Flunking Sainthood

Flunking Sainthood


The Yucky Underside of the Nativity: Or, What You Won’t See in Next Year’s Christmas Pageant

posted by Jana Riess

Giotto unforgettably portrays the slaughter of the baby boys

A friend of mine recently pointed out that tomorrow is the Feast of the Holy Innocents. Don’t know what that is? Neither did I. In a nutshell, it marks that icky, violent part of the nativity story that every Christmas pageant blithely ignores:

Herod perceiving that he was deluded by the wise men, was exceeding angry; and sending killed all the men children that were in Bethlehem, and in all the borders thereof, from two years old and under, according to the time which he had diligently inquired of the wise men. Then was fulfilled that which was spoken by Jeremias the prophet, saying: A voice in Rama was heard, lamentation and great mourning; Rachel bewailing her children, and would not be comforted, because they are not. (Matthew 2:16-18)

So who were these boys? And how many? One Catholic encyclopedia says that

The Greek Liturgy asserts that Herod killed 14,000 boys (ton hagion id chiliadon Nepion), the Syrians speak of 64,000, many medieval authors of 144,000, according to Apocalypse [Revelation] 14:3. Modern writers reduce the number considerably, since Bethlehem was a rather small town.

However many of these boys died, it’s funny how Protestants and other non-liturgical Christians tend to forget all about them. Some simply spiritualize the event as another one of Matthew’s stories that aims to show Jesus in the light of the Old Testament: here, he is the new Moses. Just as Pharaoh tried to murder every Hebrew baby boy but Moses survived (Exodus 1:22), Herod — a new Pharaoh — aims to murder every boy who might be a threat to him, but Jesus survives.

I have no doubt that this biblical interpretation is on to something, as Matthew is obsessed with showing Jesus as the fulfillment of various OT prophecies and archetypes. But isn’t it so very tidy? Asserting “This is just like that” is also a way of saying, “These were not real babies and toddlers. They were not people’s precious sons, just learning to walk and talk. The rest of the nativity story, with its humble shepherds and sweet Mary dressed in blue — that can stay. But we want this part safely omitted from our gospel. It makes us feel all itchy.”

So light a candle for these kids today, even if they were only half a dozen people. They were the first martyrs of the church, the first to give their lives for Jesus. It’s the least we can do to say thank you, even if we can’t figure out a way to put them in our Christmas pageants. Which kids would want those roles?

 

 



  • http://AddaURLtothiscomment Glen Fullmer

    I can see the Christmas play now! Instead of one baby, we have 13, and wack off their heads, except one, of course. It would take a lot of dolls, and wouldn’t be G-rated! (of course a lot of the stuff in scripture is not G-rated) ;-)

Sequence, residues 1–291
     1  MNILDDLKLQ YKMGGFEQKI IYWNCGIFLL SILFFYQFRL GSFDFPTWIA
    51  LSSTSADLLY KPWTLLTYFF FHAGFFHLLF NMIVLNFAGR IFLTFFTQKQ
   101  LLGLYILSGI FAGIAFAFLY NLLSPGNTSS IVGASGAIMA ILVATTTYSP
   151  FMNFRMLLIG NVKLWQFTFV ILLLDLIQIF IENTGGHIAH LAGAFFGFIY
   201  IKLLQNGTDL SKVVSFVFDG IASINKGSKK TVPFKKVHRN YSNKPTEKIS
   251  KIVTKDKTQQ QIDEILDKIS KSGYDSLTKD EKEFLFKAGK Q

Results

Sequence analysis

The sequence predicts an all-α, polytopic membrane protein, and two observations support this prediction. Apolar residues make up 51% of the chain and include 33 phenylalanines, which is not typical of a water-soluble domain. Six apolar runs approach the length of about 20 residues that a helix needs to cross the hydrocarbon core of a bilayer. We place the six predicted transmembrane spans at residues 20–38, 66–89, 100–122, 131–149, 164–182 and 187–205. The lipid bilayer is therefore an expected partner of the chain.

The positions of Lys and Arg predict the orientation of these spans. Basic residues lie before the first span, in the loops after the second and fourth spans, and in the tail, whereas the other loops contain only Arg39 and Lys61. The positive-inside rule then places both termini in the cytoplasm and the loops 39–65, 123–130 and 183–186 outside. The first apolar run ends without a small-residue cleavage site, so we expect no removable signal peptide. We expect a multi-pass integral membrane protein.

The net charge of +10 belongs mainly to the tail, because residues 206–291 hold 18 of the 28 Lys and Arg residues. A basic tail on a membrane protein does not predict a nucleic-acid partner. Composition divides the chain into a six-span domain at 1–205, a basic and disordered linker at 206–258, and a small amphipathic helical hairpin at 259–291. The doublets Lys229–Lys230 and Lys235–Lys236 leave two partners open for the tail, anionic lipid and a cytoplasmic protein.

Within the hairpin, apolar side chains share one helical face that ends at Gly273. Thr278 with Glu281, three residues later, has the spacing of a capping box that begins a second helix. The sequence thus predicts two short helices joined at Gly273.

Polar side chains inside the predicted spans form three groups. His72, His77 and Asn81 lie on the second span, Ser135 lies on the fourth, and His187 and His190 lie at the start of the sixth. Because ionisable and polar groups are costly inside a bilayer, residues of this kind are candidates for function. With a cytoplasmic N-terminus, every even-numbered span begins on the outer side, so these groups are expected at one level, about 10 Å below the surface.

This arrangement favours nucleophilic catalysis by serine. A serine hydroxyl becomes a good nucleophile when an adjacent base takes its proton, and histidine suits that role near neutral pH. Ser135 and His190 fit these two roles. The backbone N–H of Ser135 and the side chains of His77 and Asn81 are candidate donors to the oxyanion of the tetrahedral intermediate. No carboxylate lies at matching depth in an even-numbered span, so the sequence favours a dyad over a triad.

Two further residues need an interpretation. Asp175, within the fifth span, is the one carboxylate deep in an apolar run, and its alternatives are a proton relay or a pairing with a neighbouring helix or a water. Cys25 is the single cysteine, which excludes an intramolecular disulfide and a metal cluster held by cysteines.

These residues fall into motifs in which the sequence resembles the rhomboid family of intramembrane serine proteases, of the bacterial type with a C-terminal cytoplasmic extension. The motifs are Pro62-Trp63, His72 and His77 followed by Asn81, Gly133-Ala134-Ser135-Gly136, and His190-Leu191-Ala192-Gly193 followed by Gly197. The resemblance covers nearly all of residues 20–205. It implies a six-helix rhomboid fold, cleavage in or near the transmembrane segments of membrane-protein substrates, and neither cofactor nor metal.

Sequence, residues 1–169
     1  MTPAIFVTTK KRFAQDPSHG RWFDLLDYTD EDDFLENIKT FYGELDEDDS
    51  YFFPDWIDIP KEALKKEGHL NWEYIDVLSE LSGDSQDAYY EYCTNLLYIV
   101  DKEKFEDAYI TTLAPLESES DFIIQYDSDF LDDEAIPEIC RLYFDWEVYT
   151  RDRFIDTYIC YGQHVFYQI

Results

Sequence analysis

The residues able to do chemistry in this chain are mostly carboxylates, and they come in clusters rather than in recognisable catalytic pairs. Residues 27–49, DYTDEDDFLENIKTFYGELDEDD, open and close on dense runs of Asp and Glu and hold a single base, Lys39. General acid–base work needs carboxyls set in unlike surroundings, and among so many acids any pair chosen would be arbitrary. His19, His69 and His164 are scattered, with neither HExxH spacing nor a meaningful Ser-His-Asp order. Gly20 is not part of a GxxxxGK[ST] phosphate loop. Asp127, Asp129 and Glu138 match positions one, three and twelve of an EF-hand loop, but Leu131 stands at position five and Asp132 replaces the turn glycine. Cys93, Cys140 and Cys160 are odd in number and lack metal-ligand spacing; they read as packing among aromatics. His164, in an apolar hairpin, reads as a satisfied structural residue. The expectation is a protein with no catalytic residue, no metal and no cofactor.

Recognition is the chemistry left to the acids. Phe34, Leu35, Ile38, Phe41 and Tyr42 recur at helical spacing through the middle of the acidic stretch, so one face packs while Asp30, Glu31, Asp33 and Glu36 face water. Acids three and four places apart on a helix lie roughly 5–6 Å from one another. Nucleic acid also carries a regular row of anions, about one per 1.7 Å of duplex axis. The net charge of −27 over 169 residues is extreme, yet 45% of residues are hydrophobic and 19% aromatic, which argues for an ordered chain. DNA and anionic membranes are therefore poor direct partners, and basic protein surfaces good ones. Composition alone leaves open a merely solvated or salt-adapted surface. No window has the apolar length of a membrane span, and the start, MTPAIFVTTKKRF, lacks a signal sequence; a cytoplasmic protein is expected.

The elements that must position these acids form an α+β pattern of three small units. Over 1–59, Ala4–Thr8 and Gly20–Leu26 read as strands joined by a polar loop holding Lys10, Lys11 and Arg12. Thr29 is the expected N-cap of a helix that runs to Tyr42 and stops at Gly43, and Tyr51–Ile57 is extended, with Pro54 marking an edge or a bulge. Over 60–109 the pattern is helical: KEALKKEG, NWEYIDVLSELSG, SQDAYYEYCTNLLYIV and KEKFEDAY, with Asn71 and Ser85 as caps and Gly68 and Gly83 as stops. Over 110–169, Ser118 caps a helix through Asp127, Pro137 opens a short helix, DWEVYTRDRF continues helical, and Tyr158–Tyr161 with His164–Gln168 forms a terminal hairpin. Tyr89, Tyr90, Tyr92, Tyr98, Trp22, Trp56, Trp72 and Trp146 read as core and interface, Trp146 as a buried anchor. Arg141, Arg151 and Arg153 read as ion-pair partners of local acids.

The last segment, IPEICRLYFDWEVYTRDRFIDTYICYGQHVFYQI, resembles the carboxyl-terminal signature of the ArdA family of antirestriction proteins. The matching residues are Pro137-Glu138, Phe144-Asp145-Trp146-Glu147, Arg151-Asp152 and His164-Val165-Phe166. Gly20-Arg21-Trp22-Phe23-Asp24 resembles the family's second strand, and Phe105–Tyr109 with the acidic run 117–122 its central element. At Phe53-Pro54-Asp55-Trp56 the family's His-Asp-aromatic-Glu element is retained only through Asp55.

Bible scholars say there is no historical record that this ever happened except in the Bible, and then only in the words of Matthew. If Herod did this, don’t you think that someone would have wrote about it at the time instead of 2-3 centuries later? Does that mean that Matthew exaggerated?

    However, when I light a candle I will think of babies sacrificed so Jesus would live. What goes around, comes around! ;-)

  • http://AddaURLtothiscomment daddost

    We always include this part of the story in our Christmas musical which is more than a pageant. The first time we did it, we had the soldiers leap off the stage and grab their own toddlers from the mothers in “Bethlehem.” With strobe lights flashing and kids screaming, it was powerful theatre! Of course, the audience was appalled. We never did that again, but the children must have recovered as a number of them played adult roles in this year’s production. Any way, it is a moving part of the Christmas story. It was neither the first time nor the last time that Satan used mass murder to try to destroy the Messiah.

  • http://thestreetknowsmyname.blogspot.com Duck

    Thank you for this poignant reminder. I always feel sadness for the families who lost their little tykes to Herod’s henchmen. I have little nephews who fall in to that age group and it shreds me to think of them had they lived in that time frame.

    And, you are right- those little people killed were martyrs for the Savior. I never thought of that before.

    Love and respect, always. Your friend, Duck

  • http://AddaURLtothiscomment Raymond Takashi Swenson

    Joseph Smith taught that Zacharias the priest saved his wife Elizabeth and son John from Herod by sending them into the wilderness to hide, but Zacharias himself was killed. In the end, both Johnand Jesus joined the innocent children of Bethlehem in death at the hands of tyrants.

    If the children had lived to adulthood, they could have received baptism from John and become disciples if Jesus. Some denominations teach that they are lost for eternity, others that there is only hope that God provides for them in some way. But the Book of Mormon is explicit in teaching that “little children are alive in Christ” and will be saved if they die as such. For teaching this and other aspects of the broad saving power of Christ, the Mormons are condemned as being “not Christian.”

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